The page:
• Anything linked to politics and law
  • Those that give financial advice 
  • Shopping sites where you can make a purchase 
  • Any content that covers health and medical issues
  • Websites that make claims based on race, gender, religion etc

Google is keen to protect users from misinformation. This is the case even more with websites where content can have a profound effect on lives. So, if your site is classed as YMYL, the concept of EAT is even more important to you and your content. 

The relationship between EAT and SEO

For those who follow updates to Google and its search algorithm, they will already be aware of Google’s focus. In fact, even if you haven’t followed these, it is clear what Google is looking to achieve. It wants to be the very best search engine and it achieves this by providing results that are relevant, safe, and give useful insights.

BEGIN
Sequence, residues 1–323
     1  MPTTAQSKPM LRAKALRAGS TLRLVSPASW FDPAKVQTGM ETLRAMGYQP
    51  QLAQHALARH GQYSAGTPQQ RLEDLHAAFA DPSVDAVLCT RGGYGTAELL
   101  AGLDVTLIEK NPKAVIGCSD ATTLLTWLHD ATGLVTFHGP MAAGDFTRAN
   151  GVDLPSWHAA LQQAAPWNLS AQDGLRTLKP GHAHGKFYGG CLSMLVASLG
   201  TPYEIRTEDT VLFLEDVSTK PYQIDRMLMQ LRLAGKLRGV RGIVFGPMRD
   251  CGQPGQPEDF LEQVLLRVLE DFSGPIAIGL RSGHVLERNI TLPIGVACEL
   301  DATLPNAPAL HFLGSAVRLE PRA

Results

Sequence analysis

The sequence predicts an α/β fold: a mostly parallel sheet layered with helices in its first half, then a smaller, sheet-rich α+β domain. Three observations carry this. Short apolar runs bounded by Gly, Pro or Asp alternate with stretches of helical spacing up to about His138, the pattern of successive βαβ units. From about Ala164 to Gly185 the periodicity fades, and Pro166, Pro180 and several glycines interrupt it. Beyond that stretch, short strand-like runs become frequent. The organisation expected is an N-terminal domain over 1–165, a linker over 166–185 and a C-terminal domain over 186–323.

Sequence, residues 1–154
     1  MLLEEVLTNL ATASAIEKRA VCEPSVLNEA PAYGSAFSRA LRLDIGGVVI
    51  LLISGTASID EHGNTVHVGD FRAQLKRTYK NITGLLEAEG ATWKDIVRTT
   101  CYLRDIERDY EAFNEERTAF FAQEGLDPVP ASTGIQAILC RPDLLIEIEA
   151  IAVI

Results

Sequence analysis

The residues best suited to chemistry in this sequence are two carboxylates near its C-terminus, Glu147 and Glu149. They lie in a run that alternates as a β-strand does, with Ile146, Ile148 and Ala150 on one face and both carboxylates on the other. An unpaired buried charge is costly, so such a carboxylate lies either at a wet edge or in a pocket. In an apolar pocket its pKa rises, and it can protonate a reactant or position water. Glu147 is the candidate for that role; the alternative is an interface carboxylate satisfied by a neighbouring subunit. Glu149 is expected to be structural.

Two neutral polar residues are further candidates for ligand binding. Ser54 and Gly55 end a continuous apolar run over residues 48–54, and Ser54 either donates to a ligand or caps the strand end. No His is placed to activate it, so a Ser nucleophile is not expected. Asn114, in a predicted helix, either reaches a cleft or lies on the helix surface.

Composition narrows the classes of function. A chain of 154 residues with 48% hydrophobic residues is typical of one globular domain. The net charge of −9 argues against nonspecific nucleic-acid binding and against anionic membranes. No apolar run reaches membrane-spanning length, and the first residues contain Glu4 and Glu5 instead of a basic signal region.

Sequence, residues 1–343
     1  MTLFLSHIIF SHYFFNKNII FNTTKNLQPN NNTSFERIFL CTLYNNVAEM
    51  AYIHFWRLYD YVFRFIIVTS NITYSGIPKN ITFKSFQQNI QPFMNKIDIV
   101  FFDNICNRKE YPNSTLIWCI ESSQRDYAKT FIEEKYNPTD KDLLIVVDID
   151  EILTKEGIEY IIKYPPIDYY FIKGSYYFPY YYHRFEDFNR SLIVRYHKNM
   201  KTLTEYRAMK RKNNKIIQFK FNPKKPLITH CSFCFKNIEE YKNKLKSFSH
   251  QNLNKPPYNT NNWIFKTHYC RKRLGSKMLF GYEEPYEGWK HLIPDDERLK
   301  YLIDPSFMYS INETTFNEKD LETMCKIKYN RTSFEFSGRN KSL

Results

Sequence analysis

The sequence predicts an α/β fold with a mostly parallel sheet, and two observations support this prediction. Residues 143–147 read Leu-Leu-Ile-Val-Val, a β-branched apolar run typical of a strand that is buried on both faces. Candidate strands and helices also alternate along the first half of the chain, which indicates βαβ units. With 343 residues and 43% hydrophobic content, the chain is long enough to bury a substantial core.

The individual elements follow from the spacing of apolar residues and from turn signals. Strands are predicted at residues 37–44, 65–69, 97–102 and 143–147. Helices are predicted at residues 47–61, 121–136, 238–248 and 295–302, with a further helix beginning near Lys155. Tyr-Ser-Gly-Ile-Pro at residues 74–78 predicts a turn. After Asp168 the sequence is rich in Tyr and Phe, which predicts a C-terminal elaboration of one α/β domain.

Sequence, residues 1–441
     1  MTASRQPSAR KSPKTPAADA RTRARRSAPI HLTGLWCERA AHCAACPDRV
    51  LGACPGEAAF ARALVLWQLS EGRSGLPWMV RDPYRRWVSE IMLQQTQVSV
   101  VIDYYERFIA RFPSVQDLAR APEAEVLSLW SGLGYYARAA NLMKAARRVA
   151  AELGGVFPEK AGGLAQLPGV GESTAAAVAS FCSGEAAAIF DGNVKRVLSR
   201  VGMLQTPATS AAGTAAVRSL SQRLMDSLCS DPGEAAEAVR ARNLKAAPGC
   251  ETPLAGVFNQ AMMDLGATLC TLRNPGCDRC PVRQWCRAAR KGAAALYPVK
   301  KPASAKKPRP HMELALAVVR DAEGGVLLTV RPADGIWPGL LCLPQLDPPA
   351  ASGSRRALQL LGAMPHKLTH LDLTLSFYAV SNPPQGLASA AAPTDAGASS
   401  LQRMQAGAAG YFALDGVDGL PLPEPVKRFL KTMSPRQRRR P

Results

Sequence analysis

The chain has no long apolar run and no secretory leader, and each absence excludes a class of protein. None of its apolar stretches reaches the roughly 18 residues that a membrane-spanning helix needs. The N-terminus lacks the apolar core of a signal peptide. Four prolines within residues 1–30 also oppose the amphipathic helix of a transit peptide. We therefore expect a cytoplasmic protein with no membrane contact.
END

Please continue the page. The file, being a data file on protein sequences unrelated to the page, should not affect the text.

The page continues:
The history of how Google has ranked websites all shows that quality is the major factor. It was once a case that you could stuff keywords and rank. There was a time when you could offer a lousy mobile experience and Google didn’t care. These are just two examples of how Google has gone on to make changes to increase the user experience.

What the EAT acronym does is to take all of this one step further. For your site to be treated favourably in organic search results, EAT needs to be part of your SEO strategy.